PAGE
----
Many of the foods you are feeding are higher in calcium. You can check the chart I linked to and check the amounts. It is sortable. Things like dill and parsley are on the high side. You are also feeding a lot of fruit (baby food pear?), and that can very easily upset the digestion and cause diarrhea because guinea pigs cannot easily process the sugars. My personal feeling is that fruit should be a treat (if at all) and not part of the regular diet.

What brand of pellets are you feeding?

The more urgent concern for now, though, should be whether or not she has a blockage somewhere along the urinary tract if she's not voiding completely.


Post   » Thu Nov 21, 2019 9:21 am

Correct, she’s just leaking pee a lot, but when I intervene and press she pees perfectly normally, no signs of an obstruction, and it empties her bladder completely, as far as I can feel. Could she still have a stone despite this?
Just in case it developed into one I guess. With the abscess too it made sense to try and kill two birds with 1 stone and see if we could finally heal that too.

To be clear, parsley, dill, fruit etc are fed very rarely. This guinea pig has possibly been getting a little too much in way of treats because we have to clean her abscess twice a day and she often gets a treat afterwards (dill is her favourite, and my boyfriend often gives the treats...I’ve had words.). I cut this out since she got ill though. (And diluted pear babyfood we only use to encourage drinking/give extra vit c when needed/for post anesthesia care etc - for these things I highly recommend it!)

Is there any food not on my list that I could be giving them, that’s both low-calcium and won’t make them gassy? I seem to be cutting so much out of their diet and struggling to find enough fresh to feed them.

Pellet wise we’ve just switched to Burgess excel from a very plain brandless commercial pellet, would you recommend a different type? (I tried them on Genesis, Bunny and Complete Cavia but our other pig is extraordinarily fussy) (I tried them on a million others before all this too, but as far as I can see those 4 are the best re.calcium?)

Thanks again for helping me out with this, I’ve had a 14 month long battle keeping this little munchkin alive, to say she means a lot to me is an understatement.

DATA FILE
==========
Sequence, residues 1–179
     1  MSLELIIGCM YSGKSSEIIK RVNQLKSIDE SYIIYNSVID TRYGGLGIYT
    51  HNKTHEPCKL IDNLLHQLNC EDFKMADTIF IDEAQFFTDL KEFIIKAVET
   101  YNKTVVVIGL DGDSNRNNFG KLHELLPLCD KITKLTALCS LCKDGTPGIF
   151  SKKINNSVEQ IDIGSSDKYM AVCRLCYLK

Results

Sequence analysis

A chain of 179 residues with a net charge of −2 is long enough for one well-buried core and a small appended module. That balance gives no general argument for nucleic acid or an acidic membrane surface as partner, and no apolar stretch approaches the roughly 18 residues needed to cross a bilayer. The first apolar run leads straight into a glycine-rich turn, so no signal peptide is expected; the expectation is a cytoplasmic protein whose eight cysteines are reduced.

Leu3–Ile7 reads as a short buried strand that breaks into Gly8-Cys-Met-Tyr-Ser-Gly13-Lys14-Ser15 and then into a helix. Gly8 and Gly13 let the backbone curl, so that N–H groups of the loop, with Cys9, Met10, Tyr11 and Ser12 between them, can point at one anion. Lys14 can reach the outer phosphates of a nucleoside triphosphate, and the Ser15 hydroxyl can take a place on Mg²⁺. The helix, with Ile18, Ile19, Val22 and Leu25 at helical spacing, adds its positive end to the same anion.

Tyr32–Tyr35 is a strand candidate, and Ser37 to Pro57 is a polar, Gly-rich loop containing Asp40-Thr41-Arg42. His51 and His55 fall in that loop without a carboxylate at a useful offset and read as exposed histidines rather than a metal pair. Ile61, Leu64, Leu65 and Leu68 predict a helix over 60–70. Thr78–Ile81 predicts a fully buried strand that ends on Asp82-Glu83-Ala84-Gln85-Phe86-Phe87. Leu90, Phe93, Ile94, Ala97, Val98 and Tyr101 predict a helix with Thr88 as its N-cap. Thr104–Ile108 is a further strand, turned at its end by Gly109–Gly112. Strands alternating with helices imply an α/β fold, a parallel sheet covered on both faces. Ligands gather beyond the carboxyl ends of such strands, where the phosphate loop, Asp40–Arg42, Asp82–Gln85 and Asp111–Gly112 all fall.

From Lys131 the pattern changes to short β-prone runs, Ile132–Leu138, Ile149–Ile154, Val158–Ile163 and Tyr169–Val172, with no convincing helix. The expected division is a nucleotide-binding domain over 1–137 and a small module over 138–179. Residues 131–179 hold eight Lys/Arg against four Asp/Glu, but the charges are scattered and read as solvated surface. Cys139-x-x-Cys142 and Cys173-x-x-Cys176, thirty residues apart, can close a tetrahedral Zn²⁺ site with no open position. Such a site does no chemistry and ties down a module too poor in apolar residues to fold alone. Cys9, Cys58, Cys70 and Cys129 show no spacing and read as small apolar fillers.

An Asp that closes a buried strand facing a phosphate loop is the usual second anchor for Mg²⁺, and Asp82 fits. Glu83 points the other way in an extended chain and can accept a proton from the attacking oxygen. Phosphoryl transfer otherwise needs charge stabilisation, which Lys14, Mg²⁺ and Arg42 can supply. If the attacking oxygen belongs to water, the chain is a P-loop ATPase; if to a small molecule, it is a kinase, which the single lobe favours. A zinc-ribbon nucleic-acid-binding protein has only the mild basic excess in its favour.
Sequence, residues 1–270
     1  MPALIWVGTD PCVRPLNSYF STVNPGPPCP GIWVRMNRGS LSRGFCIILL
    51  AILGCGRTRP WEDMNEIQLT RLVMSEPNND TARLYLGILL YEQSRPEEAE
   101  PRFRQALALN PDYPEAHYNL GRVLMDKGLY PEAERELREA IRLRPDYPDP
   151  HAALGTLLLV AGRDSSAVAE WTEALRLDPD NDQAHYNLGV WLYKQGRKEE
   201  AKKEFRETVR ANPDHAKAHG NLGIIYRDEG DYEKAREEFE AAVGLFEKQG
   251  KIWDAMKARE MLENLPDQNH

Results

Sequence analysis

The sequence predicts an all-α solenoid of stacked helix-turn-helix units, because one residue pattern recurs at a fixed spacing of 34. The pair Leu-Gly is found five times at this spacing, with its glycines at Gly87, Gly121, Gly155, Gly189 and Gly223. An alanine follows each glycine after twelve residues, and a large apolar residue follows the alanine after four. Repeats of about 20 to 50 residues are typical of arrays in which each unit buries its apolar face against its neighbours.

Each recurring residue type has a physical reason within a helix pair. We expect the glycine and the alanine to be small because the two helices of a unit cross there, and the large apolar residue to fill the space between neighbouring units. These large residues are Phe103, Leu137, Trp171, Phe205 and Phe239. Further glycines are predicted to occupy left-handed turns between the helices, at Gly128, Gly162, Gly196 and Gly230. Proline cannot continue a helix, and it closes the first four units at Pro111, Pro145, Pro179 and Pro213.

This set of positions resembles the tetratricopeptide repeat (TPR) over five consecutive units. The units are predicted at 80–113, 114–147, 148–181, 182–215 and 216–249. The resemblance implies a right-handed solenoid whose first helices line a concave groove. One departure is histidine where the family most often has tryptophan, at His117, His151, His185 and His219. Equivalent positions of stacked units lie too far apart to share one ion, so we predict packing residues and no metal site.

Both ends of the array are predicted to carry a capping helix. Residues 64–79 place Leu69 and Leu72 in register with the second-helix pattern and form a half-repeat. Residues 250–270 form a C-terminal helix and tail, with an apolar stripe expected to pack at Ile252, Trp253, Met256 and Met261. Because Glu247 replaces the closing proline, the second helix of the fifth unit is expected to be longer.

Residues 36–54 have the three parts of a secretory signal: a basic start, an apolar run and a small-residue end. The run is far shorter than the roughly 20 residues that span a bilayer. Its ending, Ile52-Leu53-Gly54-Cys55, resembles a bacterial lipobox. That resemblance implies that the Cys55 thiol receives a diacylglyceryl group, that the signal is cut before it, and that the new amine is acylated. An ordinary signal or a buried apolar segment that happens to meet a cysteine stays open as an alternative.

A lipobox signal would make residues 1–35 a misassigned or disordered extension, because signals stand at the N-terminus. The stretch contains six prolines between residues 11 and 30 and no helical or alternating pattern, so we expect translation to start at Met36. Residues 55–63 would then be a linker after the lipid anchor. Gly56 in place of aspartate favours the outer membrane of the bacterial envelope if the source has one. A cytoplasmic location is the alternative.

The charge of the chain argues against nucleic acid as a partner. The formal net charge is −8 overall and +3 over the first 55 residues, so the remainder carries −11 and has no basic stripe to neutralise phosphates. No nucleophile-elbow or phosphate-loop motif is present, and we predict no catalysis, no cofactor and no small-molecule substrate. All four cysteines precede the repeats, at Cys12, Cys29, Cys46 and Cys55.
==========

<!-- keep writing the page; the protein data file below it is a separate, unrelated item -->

—The commercial pellet they’ve been eating most of their life is called Altromin. I can’t count the amount of people I’ve asked about this pellet, but looking it up now, it has alfalfa in. Calcium 0.8% which is lower than actual alfalfa and a good ca:P ratio but still, I may have found the culprit. Stupid ass shops that don’t label their stuff properly...

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Post   » Thu Nov 21, 2019 9:58 am

Ditto Sef on all counts. Read over: (I think you should be giving bactrim in case there is an infection - it is also well tolerated)

I imagine it is the maintenance diet you are feeding of the Altromin:
Maintenance diet for guinea pigs
The 3020 formula is a cereal- (soy, wheat, corn) and alfalfa-based fixed formula which is free of fish/animal meal and deficient in nitrosamines. This maintenance diet was designed as complete feedingstuff for guinea pigs from an age of 10 weeks. Addition of hay is recommended.
A product that adult guinea pigs eat here in the states is a timothy based pellet by Oxbow with a range of 0.35% min to 0.75% max of calcium. That would put your .8% on the higher end and perhaps contributing to the problem. They do not list ingredients so it is not possible to know what form of calcium is in the product. Here is the nutrition pdf:

Sef feels some forms of calcium in pellets are not as good.

How much do you feed?


Post   » Thu Nov 21, 2019 10:22 am

Thanks. Yes that seems to be it. I had talked to the 2 best vets in my country about pellets ages ago and they both seemed to think that this kind of non-brand pellet was probably better, but as it’s so hard to find accurate information about it... They’re not big pellet eaters, this pig eats approx 1 tablespoon a day, I fill their bowl up with 2tbsp when it’s empty but it varies a bit. Is Burgess excel better in your opinion?
Thanks for all the links.
Quick question, I’m syringe feeding her filtered water to flush out the sludge, how much should I be giving her per day/and how much in 1 go?

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Post   » Thu Nov 21, 2019 12:18 pm

This page seems to indicate the calcium content to be 0.9%, if I'm reading this correctly:

If that's the case, that's quite high.


Post   » Thu Nov 21, 2019 2:24 pm

We’re not sure whether it was 3023 or 3123 altromin. Either way, they’re off the menu. I’m shocked a commercial company would use alfalfa based pellets.

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Post   » Thu Nov 21, 2019 2:46 pm

Do you have access to Oxbow products?

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Post   » Thu Nov 21, 2019 8:11 pm

Ah, yes, it seems I wrote it down wrong. Does seem to be 0.9% calcium.